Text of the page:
Tottenham’s brutal Champions League draw a blessing?

LONDON, ENGLAND - AUGUST 20: Hugo Lloris of Tottenham Hotspur celebrates his sides first goal during the Premier League match between Tottenham Hotspur and Chelsea at Wembley Stadium on August 20, 2017 in London, England. (Photo by Dan Istitene/Getty Images)
LONDON, ENGLAND - AUGUST 20: Hugo Lloris of Tottenham Hotspur celebrates his sides first goal during the Premier League match between Tottenham Hotspur and Chelsea at Wembley Stadium on August 20, 2017 in London, England. (Photo by Dan Istitene/Getty Images) /

Tottenham Hotspur were drawn into the Champions League “group of death,” but that could be more a blessing than a curse for Spurs.

Tottenham Hotspur supporters who are convinced whatever football gods may be out there are against their beloved Lilywhites probably didn’t feel any differently about that particular matter after watching the Champions League draw take place earlier this week. For those who somehow missed it or are in denial, Tottenham will be matched against defending champions Real Madrid, Borussia Dortmund and APOEL of Cyprus.

The reactions had by Tottenham supporters and casual observers to this grouping were about what one would expect. Spurs fans found themselves in a state somewhere between disbelief and outright laughter at the club’s situation, while respected journalists around the world pointed out Tottenham have little chance of making much noise in this season’s competition. The following from Roger Gonzalez of CBS Sports, who listed Spurs as one of the losers of the draw:

"Poor Spurs. After a good group last year, the team is now drawn with Real Madrid and Borussia Dortmund. That’s four matches against two top contenders in the cup. How in the world are they expected to get through, especially with [sic] the team is playing poorly at home at Wembley? They are going to have to get at least seven points in the fourth matches against Real and Dortmund to have a chance. I don’t see that happening."

Every point Gonzalez made is fair, if not completely accurate. Four matches against two top contenders, two of which will be played against what has to be considered the top side in the world today, is brutal for any side that isn’t Barcelona. So much has been made about Tottenham’s inability to earn positive results at Wembley Stadium, the club’s home for the 2017-18 season, that you probably stumbled upon this piece by accident if you don’t know about that narrative.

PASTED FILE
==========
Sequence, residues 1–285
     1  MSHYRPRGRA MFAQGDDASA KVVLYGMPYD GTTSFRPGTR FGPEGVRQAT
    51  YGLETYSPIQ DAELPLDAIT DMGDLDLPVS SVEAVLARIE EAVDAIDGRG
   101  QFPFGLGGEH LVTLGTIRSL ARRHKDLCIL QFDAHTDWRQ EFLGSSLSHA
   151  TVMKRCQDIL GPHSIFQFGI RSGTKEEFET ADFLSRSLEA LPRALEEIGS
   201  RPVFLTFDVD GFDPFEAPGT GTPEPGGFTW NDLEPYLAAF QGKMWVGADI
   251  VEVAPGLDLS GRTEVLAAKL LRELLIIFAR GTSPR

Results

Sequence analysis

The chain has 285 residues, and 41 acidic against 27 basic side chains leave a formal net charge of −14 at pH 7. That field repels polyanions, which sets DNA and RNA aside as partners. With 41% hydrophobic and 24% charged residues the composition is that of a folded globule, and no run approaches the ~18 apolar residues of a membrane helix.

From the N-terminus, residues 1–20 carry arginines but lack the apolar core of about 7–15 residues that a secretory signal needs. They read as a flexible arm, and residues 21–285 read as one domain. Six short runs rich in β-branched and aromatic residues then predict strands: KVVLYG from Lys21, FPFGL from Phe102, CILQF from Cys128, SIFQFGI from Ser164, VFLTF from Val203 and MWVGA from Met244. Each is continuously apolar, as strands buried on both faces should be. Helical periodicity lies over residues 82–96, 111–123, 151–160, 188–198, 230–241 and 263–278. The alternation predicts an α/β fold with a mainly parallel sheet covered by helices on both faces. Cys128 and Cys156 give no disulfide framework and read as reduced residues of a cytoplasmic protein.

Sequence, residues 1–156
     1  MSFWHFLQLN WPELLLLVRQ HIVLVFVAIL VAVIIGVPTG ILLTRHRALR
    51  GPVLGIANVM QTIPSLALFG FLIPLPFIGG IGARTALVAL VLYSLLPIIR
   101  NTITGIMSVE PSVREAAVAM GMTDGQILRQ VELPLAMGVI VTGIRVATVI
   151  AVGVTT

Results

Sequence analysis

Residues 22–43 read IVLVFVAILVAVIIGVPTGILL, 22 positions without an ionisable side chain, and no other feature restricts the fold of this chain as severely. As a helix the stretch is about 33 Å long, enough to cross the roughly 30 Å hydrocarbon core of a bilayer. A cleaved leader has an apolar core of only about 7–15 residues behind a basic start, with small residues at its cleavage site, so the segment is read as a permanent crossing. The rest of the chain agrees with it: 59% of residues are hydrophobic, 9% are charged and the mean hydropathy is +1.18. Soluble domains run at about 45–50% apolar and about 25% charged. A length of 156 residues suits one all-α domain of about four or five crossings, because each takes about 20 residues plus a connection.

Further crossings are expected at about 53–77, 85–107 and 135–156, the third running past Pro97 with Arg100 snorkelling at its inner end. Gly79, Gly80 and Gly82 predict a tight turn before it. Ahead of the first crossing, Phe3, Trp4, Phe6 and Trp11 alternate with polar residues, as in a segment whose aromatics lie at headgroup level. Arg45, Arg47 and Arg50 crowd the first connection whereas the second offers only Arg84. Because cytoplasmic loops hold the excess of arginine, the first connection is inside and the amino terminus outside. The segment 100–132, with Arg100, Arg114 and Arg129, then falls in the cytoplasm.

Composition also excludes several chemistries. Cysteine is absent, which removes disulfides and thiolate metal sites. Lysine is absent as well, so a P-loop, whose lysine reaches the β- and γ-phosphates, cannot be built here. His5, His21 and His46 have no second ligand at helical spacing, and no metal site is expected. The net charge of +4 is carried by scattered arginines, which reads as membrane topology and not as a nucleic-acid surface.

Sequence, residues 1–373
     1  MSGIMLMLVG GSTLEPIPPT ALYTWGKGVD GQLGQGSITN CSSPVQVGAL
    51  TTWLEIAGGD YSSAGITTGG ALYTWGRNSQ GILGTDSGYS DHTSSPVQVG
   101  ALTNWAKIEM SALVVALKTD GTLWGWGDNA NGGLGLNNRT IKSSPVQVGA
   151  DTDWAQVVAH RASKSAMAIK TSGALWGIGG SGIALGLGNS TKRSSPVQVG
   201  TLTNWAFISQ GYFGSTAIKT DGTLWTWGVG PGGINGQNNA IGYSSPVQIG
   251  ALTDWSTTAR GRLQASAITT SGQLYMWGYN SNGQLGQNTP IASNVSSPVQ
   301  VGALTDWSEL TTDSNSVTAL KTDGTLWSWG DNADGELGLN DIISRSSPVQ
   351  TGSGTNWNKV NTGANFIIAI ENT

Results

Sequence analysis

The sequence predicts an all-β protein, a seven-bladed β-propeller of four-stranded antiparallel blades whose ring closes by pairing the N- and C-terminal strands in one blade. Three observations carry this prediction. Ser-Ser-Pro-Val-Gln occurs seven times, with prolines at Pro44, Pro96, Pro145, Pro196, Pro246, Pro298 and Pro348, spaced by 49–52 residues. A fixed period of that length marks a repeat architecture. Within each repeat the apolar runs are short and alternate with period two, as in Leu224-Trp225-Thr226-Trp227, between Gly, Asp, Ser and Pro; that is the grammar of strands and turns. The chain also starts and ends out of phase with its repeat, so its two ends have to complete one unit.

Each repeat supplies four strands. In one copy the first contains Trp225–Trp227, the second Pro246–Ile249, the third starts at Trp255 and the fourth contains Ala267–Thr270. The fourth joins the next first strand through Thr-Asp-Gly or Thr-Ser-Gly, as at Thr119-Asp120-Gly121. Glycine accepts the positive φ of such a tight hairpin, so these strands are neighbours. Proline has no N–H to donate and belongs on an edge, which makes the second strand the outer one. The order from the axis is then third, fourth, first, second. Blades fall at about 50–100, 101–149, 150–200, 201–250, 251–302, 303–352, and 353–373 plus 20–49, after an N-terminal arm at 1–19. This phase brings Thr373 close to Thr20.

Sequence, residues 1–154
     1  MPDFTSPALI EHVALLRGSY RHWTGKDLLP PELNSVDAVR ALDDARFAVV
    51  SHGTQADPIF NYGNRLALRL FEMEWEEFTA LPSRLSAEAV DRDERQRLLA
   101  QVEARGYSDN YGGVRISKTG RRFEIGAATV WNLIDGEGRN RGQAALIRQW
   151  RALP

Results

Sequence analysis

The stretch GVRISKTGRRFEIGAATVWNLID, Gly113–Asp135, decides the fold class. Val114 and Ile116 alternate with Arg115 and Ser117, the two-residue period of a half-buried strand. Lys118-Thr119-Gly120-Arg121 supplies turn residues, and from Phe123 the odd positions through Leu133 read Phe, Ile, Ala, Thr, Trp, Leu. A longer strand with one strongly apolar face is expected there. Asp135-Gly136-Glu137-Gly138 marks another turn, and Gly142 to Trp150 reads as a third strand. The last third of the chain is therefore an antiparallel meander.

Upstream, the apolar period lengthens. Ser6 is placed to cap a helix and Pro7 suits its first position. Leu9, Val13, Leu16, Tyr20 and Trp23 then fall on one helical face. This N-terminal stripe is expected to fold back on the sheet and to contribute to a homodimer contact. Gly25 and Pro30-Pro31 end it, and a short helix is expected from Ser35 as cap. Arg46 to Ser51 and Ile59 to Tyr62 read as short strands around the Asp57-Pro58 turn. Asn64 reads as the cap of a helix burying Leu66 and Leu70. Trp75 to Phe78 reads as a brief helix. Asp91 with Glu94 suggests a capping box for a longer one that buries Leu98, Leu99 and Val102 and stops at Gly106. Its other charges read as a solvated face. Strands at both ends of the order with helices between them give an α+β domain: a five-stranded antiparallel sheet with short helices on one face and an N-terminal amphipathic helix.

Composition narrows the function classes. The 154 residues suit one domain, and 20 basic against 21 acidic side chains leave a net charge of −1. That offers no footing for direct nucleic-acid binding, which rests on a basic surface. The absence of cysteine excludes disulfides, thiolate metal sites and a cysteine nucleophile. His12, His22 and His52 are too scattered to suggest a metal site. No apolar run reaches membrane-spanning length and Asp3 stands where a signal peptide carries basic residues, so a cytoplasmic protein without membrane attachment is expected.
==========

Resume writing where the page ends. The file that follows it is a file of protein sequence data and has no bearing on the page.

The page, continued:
It shouldn’t be ignored that it is, on paper, more likely than not Spurs will, once again, be unceremoniously bounced from the Champions League before you find yourself opening presents on Christmas morning. The likes of Chelsea and Manchester City would struggle to survive this season’s “group of depth,” and Tottenham don’t have the squad depth possessed by either of those clubs as the end of summer approaches.

What’s funny — or maybe more so ironic than humorous — is that it’s easy to believe manager Tottenham Mauricio Pochettino wouldn’t have his club’s Champions League route go much differently. Under Pochettino, it has become commonplace for Spurs to face the likes of Real, Juventus, Paris Saint-Germain and other top-tier clubs in preseason friendlies to test his squad ahead of grueling campaigns. He welcomes the challenge of Tottenham facing Europe’s elite with open arms.

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Tottenham’s recent record at Wembley probably doesn’t inspire much confidence among supporters, but all should do well to remember Spurs weren’t disastrous in their past two defeats to Chelsea at the venue. Truth be told, Tottenham deserved at least a draw versus the defending Premier League champions back on August 20, as Spurs bossed much of the action despite hitting the back of the net via an own goal.

Logic suggests Spurs may be dealing with a simple crisis of confidence as it pertains to their temporary residence. Victories against the likes of Burnley, Swansea City and Bournemouth would be beneficial, but think just how more it would mean for Spurs to hang with both Real and Dortmund during a home contest. A win against either side could provide an emotional boost to a Spurs side that has come up painfully shy of the mountaintop each of the past two campaigns.

Tottenham were placed in what seemed, at the time, to be a favorable group last summer, and the expectations that came with such a pairing did Spurs zero favors. This time around, the pressure is off Tottenham. Most foresee Spurs finishing third in the group at absolute best. There’s something to be said for an underdog looking to establish itself among the top sides in the world and, in the process, silence doubters for even a brief period of time.

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Tottenham will be up against it. Even still, surviving and advancing could mean so much more for the team’s long-term goals than finishing second in the league table and remaining in title pursuits through the start of May. The Tottenham squad must embrace this challenge, if only because there’s no alternative.